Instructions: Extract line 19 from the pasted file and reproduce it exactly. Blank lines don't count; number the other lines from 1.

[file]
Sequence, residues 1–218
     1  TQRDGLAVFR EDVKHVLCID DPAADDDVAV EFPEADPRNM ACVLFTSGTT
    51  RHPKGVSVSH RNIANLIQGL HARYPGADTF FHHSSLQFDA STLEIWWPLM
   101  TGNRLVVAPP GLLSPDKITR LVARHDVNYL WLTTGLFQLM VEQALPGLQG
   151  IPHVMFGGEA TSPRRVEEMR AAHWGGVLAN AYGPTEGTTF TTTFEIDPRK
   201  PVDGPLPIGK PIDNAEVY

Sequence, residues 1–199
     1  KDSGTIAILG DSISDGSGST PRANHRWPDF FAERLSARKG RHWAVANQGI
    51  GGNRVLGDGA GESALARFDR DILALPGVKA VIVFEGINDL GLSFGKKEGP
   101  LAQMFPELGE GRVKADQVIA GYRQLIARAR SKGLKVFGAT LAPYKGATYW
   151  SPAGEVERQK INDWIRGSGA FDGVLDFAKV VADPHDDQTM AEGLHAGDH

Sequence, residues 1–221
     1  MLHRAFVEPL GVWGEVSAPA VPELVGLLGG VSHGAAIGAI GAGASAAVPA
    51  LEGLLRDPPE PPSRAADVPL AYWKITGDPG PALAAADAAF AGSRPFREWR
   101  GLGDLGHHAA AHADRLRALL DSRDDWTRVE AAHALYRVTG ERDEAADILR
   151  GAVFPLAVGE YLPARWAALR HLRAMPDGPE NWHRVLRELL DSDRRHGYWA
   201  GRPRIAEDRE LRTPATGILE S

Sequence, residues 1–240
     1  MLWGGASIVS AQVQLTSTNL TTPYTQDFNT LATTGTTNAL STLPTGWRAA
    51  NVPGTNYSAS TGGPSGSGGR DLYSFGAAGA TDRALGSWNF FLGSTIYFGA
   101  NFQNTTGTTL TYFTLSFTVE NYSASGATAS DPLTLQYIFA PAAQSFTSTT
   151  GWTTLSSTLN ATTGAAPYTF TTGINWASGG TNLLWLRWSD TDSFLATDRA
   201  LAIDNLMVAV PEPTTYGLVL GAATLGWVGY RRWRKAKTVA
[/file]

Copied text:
     1  MLWGGASIVS AQVQLTSTNL TTPYTQDFNT LATTGTTNAL STLPTGWRAA